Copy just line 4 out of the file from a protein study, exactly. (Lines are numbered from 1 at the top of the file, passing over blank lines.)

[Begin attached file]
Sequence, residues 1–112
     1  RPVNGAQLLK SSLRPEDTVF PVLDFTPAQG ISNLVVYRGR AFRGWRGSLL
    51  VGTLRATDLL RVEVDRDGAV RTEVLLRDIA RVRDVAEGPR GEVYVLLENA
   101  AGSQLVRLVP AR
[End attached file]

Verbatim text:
   101  AGSQLVRLVP AR